FeNiMn Maraging Steel: Part One

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Maraging steels are a special class of low‐carbon ultra‐high‐strength steels which are produced by precisely controlling the amounts of nickel and manganese in the finished material.
Depending on the variation in these two important elements it is possible to make gains in various key characteristics of the finished product including superior hardness properties.

Maraging steels are a special class of low‐carbon ultra‐high‐strength steels. The word “maraging” steel derives from the underlying strengthening mechanisms, namely, (a) transformation of the face centered cubic high temperature austenite phase of such alloys into cubic martensite combined with (b) the subsequent age hardening of this as-quenched material, hence, mar(tensite)-aging.

A variety of maraging alloys were developed in the past, and the classical representatives of this steel family are the so‐called 18 wt.% Ni maraging steels. However, these steels contain high amounts of expensive alloying elements, cobalt in particular but also nickel, and much effort has been made to develop cheaper variations such as cobalt‐free grades. Mn is cheaper than Ni, and Fe–Mn alloys feature transformation characteristics which are similar to Fe–Ni alloys and result in the formation of lath martensite under most cooling conditions. Ternary Fe–Mn–Ni alloys also exhibit considerable age‐hardening, similar to that of 18 wt.% Ni maraging steels . Hence, to further reduce material costs it was attempted to replace Ni partially or fully with Mn.

In the study of V. M. Kardonskii, M. D. Perkas is shown investigation of the structure and properties of steel containing different amounts of nickel and manganese. Figure 1 shows the influence of Ni and Mn on the hardness of martensite after heating (tempering). The martensite in the Fe + 16% Ni steel loses some of its hardness during heating at 350-500°C. Partial replacement of the nickel with manganese (in a 2 : 1 ratio) increases the hardness of martensite; the degree of hardening increases with increasing concentrations of manganese. The largest increment of hardness (HV 190) occurs in steels containing 6% Ni and 5% Mn. Further replacement of nickel with manganese also decreases the hardness of the Fe + 8% Mn steel and there is no increase in hardness during heating (see Figure 1). Thus, the presence of nickel is necessary for an effective increase in hardness during aging.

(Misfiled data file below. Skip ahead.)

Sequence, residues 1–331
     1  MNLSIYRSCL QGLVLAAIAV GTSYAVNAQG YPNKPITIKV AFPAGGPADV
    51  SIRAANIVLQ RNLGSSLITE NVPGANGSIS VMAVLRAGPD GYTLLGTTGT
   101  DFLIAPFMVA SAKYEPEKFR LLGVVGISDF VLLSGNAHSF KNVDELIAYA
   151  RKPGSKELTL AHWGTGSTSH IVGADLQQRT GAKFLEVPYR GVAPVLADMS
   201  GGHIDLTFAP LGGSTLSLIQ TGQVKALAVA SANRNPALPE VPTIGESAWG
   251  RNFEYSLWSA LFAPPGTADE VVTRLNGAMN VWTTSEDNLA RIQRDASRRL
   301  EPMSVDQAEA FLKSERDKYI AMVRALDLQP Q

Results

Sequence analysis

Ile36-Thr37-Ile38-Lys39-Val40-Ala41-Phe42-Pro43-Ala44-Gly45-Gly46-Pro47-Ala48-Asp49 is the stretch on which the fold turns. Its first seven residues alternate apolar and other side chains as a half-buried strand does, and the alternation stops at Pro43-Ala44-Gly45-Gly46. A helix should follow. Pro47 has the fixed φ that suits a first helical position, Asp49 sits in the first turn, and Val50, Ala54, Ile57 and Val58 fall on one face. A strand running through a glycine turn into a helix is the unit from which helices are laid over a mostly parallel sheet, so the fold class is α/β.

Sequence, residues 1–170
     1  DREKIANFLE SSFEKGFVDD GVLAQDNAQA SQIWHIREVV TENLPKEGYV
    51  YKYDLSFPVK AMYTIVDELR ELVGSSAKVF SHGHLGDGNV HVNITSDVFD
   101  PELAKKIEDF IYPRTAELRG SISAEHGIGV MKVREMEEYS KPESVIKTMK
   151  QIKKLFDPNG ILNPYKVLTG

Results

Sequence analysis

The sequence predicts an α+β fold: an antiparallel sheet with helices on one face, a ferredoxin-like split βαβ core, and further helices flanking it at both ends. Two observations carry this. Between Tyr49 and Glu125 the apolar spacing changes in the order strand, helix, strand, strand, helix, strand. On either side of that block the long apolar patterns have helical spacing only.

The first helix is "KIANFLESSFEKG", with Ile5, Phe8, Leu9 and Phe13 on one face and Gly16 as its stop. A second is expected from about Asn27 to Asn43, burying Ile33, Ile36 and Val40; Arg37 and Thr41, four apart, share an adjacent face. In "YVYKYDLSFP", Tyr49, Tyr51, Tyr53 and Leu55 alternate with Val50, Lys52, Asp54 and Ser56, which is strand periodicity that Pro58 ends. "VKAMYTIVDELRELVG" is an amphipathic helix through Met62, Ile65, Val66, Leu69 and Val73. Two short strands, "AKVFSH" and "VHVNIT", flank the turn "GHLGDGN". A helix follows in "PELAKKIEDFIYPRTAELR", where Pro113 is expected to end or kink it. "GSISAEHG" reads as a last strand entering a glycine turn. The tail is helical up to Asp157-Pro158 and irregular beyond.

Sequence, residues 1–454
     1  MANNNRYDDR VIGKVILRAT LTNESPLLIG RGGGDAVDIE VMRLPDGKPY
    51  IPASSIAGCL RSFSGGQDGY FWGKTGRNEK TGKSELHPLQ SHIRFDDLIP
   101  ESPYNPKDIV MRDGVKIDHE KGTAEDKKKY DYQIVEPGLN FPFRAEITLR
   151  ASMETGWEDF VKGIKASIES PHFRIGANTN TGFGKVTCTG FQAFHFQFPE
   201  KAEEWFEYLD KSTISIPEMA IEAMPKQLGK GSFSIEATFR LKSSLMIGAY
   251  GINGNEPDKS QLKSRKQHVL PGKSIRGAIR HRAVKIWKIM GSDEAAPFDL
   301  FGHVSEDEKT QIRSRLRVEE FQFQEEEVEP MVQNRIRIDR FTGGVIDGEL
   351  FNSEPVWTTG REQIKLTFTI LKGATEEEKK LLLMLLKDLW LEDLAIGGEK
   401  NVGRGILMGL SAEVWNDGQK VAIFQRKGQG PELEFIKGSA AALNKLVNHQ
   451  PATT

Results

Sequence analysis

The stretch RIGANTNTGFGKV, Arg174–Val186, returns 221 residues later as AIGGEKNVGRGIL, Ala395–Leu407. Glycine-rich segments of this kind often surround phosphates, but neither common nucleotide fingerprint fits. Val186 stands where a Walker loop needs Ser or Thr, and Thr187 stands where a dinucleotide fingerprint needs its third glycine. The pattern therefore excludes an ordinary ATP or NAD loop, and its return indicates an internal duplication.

Figure 1: Dependence of hardness on the heating temperature for steels with different Mn concentrations

A more detailed investigation of the variation of the mechanical properties as the result of heating was made with steels containing 16% Ni and 2% Mn (Figure 2). The yield strength of the steel increases after heating at 350-450°C. Heating at higher temperatures decreases the yield strength, which reaches its minimum values (52 kg/mm2) after heating at 600°C. Such a sharp decrease of the yield strength is due to the reverse α→γ transformation occurring at 550-600°C. The newly formed γ-phase is highly stable with respect to the subsequent γ→α transformation.

After cooling, a considerable amount of the γ-phase remains in the structure and this leads to a considerable decrease of the effect of aging and to a decrease of the yield strength. At higher temperatures the degree of stability of the γ-phase decreases and the yield strength increases sharply. Unlike the yield strength, the ultimate strength increases somewhat instead of decreasing as the result of heating at 550-600°C because during testing the γ→α transformation occurs under the influence of plastic deformation. The resulting martensite contains a large number of structural defects, and this leads to additional hardening.

It should be noted that in this steel, because of the small concentration of Mn, the increase in strength as the result of aging is small. The ductility characteristics (δ, ψ) and the impact strength change little after aging. In steels with higher Mn concentrations the strengthening resulting from aging is much more significant and is accompanied by a considerable decrease of ductility and impact strength.



Figure 2: Dependence of the mechanical properties on the heating temperature of the steel with 16% Ni and 2% Mn. [σ0.2-Tensile stress, σB-Tensile stress, δ-elongation, ψ-reduction]


References

1. F. Moszner: Fe-Mn-Pd maraging steels for biodegradable implant applications, Diss. ETH N° 21971, 2014, ETH Zurich;

2. Maraging Steels and Maraging TRIP Steels, Accessed May 2019;

3. V. M. Kardonskii, M. D. Perkas: Aging of martensite in Fe-Ni-Mn steels, Metal Science and Heat Treatment, April 1966, Vol.8, Issue 4, p.254-256.

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